Jiggety Jig

We’ll certainly be dancing a jig when these drives to Astoria are over. I almost named this post ‘New Lamps for Old’, but in that story, the old lamp holds a powerful genie. As far as we can tell, we might have an old boat, but there is no genie inside because so far we’ve been unsuccessful in using magic to make headway on all the projects. No, the only thing we’re trading so far is one problem for another, some big, some small, some easy, some hard, some cheap…no, that’s a lie. None of them are cheap. But we knew that going in, so whatever. We can’t really complain about that.

Still, there is progress. Our exhaust guy, Caleb, finished the new exhaust elbow and a fine piece of metal art it is. It fit perfectly and he even machined a brace for it. Take a look:

You can’t really see the brace, but it’s on the right toward the bottom of the insulation wrap. Simple, effective.

He installed the piece, Mike happily wrote him a check for his work, and then Mike completed the installation of the hoses and the insulation wrap. He used one roll of the wrap, and there is another in reserve if it’s necessary. The stuff does take up some space, though, so if we can get away with using only the one, we’ll be glad. No modification of the shelf or rearranging of the hoses for the hot water tank proved necessary. Two fewer small tasks to accomplish. We’ll take that. The good news is that this project is finished (knocking firmly on wood), ready for Shawn to come down to the boat and address the shaft/engine alignment once more. We are keeping fingers crossed that he can do that this week, as since he started on our job, Shawn has received a huge contract for on-going work for his business. He’s a very busy guy. We might be small potatoes to him, but we know he wants this off his plate.

The other good news is that it looks like our tweaking of the transmission cables is going to work out. We won’t know for certain until the prop is engaged, but it’s looking good. It would be terrific if we didn’t have to mess with that anymore. Let’s all knock on more wood, throw salt over our shoulders, and spit three times while spinning, okay? We may not have any genies, but who knows what other kinds of gods are watching?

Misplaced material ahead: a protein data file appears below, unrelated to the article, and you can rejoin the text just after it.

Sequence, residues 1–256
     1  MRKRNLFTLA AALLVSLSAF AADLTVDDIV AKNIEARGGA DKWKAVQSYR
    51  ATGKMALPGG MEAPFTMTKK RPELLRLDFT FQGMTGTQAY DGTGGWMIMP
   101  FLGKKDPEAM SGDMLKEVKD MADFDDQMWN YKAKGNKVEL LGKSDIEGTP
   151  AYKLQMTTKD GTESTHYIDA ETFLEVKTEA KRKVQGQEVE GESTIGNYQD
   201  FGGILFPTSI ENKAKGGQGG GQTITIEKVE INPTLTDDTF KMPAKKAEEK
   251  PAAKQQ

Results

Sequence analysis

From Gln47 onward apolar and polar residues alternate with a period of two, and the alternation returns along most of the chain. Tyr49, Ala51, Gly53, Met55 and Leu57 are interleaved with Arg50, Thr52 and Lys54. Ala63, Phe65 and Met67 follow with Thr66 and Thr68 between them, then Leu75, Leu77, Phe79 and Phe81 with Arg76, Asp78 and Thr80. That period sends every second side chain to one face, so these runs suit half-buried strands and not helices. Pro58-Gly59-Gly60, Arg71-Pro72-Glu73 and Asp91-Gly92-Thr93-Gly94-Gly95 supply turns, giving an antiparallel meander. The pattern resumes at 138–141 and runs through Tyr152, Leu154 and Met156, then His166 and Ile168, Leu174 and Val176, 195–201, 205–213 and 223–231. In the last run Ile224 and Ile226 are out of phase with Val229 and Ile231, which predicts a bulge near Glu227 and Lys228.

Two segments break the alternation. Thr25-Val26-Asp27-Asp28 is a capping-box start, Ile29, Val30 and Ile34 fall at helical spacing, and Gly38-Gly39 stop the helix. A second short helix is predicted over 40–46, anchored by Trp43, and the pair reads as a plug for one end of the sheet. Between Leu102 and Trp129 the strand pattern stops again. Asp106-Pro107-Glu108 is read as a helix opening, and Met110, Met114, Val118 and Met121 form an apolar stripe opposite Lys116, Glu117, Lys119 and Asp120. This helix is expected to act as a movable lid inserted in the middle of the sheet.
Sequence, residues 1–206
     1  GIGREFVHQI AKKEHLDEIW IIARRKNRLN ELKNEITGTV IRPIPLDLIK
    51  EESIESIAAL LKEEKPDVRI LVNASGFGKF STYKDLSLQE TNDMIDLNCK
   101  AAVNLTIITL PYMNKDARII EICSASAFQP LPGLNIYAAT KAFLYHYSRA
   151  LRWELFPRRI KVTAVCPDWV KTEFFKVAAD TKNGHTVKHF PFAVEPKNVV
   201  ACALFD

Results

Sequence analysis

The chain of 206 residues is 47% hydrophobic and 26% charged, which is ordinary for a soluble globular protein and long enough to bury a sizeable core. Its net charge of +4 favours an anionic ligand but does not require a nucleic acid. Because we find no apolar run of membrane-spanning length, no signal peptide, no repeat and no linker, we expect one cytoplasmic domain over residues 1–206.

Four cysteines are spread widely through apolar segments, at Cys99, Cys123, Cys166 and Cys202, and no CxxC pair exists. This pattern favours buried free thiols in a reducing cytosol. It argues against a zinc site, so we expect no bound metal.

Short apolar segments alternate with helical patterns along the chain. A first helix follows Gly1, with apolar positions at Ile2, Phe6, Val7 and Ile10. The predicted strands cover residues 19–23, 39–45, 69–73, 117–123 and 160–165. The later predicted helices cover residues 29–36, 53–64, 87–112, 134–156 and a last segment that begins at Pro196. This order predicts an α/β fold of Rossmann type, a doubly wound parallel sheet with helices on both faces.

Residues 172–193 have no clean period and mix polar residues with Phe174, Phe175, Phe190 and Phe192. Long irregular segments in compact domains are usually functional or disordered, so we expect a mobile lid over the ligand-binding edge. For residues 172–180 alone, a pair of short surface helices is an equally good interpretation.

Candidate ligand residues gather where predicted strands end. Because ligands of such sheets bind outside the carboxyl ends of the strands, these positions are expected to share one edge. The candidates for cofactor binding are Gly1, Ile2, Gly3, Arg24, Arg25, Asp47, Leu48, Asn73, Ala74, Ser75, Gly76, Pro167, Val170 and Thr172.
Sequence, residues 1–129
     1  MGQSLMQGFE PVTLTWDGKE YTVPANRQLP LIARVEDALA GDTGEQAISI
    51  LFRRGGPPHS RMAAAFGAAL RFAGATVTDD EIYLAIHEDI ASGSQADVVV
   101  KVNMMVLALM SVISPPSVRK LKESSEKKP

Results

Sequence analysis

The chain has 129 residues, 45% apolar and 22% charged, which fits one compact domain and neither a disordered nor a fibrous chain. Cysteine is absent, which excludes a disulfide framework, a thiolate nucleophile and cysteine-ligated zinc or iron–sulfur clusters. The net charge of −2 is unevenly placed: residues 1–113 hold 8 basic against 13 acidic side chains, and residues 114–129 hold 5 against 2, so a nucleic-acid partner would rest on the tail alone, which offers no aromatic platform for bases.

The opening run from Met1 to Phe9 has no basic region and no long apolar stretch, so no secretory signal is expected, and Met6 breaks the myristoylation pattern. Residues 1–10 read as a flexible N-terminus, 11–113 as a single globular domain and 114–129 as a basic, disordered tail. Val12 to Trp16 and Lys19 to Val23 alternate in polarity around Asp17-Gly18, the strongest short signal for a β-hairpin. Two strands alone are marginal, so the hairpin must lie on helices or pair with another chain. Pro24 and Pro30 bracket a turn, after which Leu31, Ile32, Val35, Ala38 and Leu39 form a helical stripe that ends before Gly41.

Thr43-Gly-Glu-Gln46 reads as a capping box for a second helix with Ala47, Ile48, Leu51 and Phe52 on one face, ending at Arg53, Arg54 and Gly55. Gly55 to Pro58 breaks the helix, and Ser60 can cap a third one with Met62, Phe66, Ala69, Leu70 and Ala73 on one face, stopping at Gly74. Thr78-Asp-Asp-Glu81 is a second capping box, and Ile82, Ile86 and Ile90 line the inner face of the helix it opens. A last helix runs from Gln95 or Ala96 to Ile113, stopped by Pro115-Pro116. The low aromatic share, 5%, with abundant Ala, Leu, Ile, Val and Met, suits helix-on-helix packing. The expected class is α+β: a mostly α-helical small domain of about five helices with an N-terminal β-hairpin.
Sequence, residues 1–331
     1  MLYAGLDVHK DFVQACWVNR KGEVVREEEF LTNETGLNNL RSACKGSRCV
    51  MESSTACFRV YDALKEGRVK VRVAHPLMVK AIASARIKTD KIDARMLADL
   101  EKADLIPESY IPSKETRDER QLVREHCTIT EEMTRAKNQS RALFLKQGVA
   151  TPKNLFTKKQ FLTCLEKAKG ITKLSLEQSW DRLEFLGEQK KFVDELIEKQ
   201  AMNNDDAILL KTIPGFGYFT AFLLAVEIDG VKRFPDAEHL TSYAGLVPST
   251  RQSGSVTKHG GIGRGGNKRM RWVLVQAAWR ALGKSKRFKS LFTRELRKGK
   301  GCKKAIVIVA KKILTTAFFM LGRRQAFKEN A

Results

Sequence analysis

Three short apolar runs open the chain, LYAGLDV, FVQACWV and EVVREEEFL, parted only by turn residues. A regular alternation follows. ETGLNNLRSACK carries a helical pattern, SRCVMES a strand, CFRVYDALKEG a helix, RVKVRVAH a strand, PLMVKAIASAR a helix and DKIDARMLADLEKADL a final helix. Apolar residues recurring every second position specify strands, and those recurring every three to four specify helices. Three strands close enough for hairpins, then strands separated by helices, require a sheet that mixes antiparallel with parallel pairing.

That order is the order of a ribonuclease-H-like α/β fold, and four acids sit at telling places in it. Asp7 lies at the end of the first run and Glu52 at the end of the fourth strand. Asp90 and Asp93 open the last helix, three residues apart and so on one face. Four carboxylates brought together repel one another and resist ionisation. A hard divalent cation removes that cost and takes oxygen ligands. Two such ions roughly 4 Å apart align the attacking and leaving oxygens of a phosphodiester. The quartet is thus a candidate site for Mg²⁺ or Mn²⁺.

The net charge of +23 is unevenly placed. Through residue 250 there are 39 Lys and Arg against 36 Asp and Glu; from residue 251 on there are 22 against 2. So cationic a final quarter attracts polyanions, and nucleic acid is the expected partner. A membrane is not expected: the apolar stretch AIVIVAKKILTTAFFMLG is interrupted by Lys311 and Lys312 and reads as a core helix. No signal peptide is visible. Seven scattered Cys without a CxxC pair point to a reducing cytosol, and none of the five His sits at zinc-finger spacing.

The problem ‘de la semaine’, as it were, is the Airmar 744VL transducer that is supposed to be talking to our new Garmin 820XS chartplotter. Mike bought a special cable to connect the two so they would speak the same language. Yet it remains silent, which means we have no depth showing up on the GPS. Curses! Foiled again! Mike spent several hours tweaking and problem solving, to no avail. I am encouraging him to call Garmin and discuss this issue, as we are hoping their reputation for good customer service (which was one reason we chose to stick with that brand of chartplotter) will bear fruit. If any readers have knowledge of this problem, please do comment.

While Mike and Caleb played with their tools in the man cave, I began a very important task that has waited long enough. Cleaning the cockpit. With all the engine work, moving of stuff onto and off the boat, grit from being near a bridge, and the fact that winter is barely over, the cockpit was a pit of filth, not to mention the ubiquitous green algae that marks a boat from the Pacific Northwest. I got to work with scrub brushes and a mild bleach cleaner. Nothing kills algae like bleach. Of course, once I began cleaning, I had a hard time knowing where to stop, as the deck needs a scrub, too. Several hours later I could barely move, but by God my cockpit was lovely to behold. Remind me to buy a Costco bottle of aspirin for the boat. The rest of the deck awaits my attention.  I got out the bottom siders and the cushion covers, et voila. Gracious living, sailboat style. Stunts performed by Skipperdee.